One of the most important aspects of preparing for retirement is effectively managing your debt. In fact, most financial professionals will tell you that being debt free during retirement is a critical component to successfully living on a fixed income.
Being a debt-free retiree makes the money you have worked so hard to save and invest last longer. It also means that you can afford to do the things you want to do more easily than if you have debt looming over you.
We’ve put together some tips to help you achieve debt-free life as an empty nester:
Make it a priority to pay off existing debt
Now is the time to prioritize paying off your debts. Focus on paying down your high interest debt first before you turn to your mortgage payments. Remember that home/home equity loans offer you the extra benefit of interest deductibility.
Making extra payments on your mortgage – even small amounts – can save years of your mortgage term. While most mortgages let you overpay a certain amount each month, it’s important you check with your lender first.
Evaluate your living situation
Many empty nesters own their home free and clear, and most retirement advisors will tell you that having a paid-off home in retirement should be a key financial goal. Take the time to talk to your banker or mortgage adviser about developing a plan to pay off your mortgage as quickly as possible.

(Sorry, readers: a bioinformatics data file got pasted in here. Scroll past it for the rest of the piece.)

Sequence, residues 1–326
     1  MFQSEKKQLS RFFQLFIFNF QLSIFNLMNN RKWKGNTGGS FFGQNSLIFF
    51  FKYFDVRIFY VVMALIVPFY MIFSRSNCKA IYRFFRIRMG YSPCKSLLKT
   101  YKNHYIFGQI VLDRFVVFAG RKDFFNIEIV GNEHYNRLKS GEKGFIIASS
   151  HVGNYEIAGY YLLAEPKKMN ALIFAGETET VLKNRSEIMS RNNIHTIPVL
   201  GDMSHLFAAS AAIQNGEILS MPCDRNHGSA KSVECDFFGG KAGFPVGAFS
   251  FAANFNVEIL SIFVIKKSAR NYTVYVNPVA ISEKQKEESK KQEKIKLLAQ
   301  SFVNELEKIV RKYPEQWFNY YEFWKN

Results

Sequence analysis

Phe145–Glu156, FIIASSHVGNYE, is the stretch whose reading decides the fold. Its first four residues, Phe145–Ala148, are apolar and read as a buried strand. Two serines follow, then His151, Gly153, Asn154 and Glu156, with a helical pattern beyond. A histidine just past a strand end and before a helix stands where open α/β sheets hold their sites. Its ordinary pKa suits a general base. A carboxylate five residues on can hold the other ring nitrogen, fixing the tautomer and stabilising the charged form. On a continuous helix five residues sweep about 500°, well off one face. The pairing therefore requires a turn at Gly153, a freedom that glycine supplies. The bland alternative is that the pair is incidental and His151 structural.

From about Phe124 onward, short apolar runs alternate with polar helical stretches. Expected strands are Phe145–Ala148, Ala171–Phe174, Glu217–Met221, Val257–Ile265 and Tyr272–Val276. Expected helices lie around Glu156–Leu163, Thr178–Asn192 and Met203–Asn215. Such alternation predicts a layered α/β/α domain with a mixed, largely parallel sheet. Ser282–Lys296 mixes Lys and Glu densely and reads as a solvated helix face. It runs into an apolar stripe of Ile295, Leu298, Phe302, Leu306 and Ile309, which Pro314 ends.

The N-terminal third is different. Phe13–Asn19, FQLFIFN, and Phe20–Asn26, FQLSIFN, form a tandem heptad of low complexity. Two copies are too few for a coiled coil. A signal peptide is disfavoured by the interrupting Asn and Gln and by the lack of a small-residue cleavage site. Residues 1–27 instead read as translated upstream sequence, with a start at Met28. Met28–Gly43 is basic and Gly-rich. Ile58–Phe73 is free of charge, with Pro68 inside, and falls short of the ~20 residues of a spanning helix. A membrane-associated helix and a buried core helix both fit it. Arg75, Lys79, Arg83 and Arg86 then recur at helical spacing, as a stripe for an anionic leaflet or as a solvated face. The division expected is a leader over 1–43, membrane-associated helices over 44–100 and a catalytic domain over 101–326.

If you are in a situation where it will not be possible to pay off your mortgage in the near future consider downsizing. Though it may be hard to let go of a home that holds lots of memories, it can be a smart financial move to downsize your home. If you sell your home and use the profit to buy a smaller and less expensive house, you can use the leftover money to bolster your retirement or help you pay down debt.
Be careful when using credit
When it comes to using credit, keep this simple mantra in mind – if you can’t afford to pay it off, don’t charge it. This approach will prevent you from going into debt and allow you to save and invest for your retirement years. After all – the more money you have to use towards paying off debt, the less you can use towards retirement savings.
Avoid taking out new loans
Just like a credit card balance, it can be very challenging to make loan payments when you’re living on a fixed income. If you need to purchase a new car or make costly renovations to your home, you may consider adjusting your budget so you can afford the payment without getting a loan. If this isn’t possible, work with your financial advisor to develop a plan that will allow you to repay the debt before you retire.